Few films have caught the special feel and rhythms of childhood so well, with such uncondescending warmth and humor. And few bring out more powerfully the themes of anti-racism and the virtues and joys of community and family. [20 Apr 2007, p.C5]
To Kill a Mockingbird is a faithful adaptation of one of the 20th century's most important American works of literature. It is also a masterpiece in its own right. This is one of those rare productions where everything is in place - a superior script, a perfect cast, and a director who has a clear vision and achieves what he sets out to do.
The adaption of one of the most famous books ever written, is nothing short of exceptional.
The casting of Peck as Atticus Finch is perfect, The script is as tight as the book and it's impact as profound.
As Mulligan so deftly demonstrates, the story is in the characters, their failings and fragility, their heroism and nobility of spirit. It's in the depiction of heart-breaking cruelty and heart-warming humanity. It's in the innocence of a child's world overshadowed by the evil that adults do.
Gregory Peck as Atticus Finch is one of the greatest performances of all time. This character alone is enough to make this filma masterpiece. The remainder of the film is great. Good pacing, acting, and cinematography make this film great.
Based upon literary opus of Harper Lee, the quest for justice of a idealist advocate in the Depression age, in the prejudiced south of US, through the eyes of the innocence of childhood. Gregory Peck in one his essential performances. A must to see before you die.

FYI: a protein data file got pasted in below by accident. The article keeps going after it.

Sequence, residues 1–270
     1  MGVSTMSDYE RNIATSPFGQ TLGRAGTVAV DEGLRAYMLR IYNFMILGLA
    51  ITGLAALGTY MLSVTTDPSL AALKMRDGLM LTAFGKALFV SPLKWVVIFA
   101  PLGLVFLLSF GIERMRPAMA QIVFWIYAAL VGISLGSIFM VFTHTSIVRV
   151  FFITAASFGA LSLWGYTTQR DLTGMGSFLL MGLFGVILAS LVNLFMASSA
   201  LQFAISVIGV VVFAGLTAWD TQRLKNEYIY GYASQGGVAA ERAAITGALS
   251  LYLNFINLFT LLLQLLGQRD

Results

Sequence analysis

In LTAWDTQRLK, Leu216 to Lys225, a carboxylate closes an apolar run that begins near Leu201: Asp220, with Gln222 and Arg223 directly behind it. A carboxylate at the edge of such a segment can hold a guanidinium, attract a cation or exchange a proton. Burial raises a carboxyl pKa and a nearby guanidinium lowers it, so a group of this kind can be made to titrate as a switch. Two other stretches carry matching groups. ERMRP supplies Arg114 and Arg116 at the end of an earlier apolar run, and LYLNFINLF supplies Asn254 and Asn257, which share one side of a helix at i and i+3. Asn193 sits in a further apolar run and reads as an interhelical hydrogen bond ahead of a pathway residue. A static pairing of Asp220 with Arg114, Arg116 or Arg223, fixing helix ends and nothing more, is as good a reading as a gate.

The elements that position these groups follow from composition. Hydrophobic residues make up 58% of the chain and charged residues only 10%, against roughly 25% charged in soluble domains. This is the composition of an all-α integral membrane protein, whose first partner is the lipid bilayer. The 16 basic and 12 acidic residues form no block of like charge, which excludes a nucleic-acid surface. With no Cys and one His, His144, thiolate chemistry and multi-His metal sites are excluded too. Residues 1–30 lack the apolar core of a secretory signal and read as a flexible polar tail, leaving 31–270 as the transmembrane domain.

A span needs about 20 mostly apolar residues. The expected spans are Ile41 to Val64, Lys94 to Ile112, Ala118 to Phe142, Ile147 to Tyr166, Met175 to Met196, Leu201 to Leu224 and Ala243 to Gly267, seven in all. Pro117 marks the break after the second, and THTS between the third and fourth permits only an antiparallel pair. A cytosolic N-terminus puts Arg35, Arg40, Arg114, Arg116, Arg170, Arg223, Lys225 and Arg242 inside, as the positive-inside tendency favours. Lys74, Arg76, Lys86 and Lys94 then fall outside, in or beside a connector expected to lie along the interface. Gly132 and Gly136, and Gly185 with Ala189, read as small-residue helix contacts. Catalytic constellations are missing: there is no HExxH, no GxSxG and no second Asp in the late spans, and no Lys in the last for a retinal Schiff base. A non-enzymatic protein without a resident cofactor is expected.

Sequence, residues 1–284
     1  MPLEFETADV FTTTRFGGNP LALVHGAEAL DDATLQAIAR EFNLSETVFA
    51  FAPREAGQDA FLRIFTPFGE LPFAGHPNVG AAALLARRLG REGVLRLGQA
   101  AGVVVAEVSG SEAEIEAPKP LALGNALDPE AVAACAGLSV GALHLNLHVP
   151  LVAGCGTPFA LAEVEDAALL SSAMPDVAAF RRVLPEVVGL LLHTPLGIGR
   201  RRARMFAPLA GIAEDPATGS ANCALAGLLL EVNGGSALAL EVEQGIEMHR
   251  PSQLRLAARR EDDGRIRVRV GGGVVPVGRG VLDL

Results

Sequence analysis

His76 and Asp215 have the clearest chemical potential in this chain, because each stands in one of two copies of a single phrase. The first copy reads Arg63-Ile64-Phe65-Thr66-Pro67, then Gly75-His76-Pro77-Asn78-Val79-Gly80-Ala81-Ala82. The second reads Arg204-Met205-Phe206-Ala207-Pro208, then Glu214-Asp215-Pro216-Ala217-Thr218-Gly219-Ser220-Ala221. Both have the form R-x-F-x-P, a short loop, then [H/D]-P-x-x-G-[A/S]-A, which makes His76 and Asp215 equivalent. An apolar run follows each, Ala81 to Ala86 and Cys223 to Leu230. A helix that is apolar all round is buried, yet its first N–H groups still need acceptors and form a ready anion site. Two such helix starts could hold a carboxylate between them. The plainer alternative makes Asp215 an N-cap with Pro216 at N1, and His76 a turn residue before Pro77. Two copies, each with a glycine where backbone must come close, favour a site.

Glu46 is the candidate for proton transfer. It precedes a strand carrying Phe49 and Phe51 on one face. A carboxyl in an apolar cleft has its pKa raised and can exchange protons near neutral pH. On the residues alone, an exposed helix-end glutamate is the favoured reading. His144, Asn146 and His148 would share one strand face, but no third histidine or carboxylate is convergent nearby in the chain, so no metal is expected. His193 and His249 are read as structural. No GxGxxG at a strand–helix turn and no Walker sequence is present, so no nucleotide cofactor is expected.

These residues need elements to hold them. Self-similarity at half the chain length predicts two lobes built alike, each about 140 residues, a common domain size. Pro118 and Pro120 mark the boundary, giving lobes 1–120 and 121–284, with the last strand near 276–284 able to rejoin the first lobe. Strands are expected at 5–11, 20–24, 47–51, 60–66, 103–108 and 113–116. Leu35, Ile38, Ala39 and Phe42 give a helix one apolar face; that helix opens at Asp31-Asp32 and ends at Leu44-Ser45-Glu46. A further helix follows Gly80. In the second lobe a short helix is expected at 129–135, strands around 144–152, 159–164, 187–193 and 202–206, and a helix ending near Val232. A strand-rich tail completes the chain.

To start with, the book is absolutely wonderful with great characters and a moving story. To Kill a Mockingbird is one of the best adaptations of a book, it is not only faithful to the source material but it almost improves on it. Do I have any criticisms? Not really, other than to say that the film is a tad overlong for my liking. But it is a brilliant film, with a beautifully crafted story that still maintains the emotional punch of the book about a lawyer in the Deep South and the effect of the **** trial on his children. The film is beautifully shot, the whole film is incredible to watch, and the score is sensitive. The script is effective and sticks closely to the book, and the direction from Robert Mulligan is very impressive. The acting is really good, I have read that Henry Fonda would have been better for Atticus Finch, although Fonda was a great actor, Gregory Peck does give a superb and career-best performance in this film. And he is very well supported by an excellent Robert Duvall as disturbed Boo Radley, while Mary Badham and Phillip Alford are very well-cast as the children. Overall, a wonderful and faithful adaptation and just an excellent film really. 9.5/10 Bethany Cox
This movie has been made in a high quality but not for today, for its time. we have more progressed & brighter minds in 21st century & we will never see movies, songs or any social platforms implying issues like the one in this film, this way; we've got more insight about it now. So I found it expired, too direct & boring as a consequence.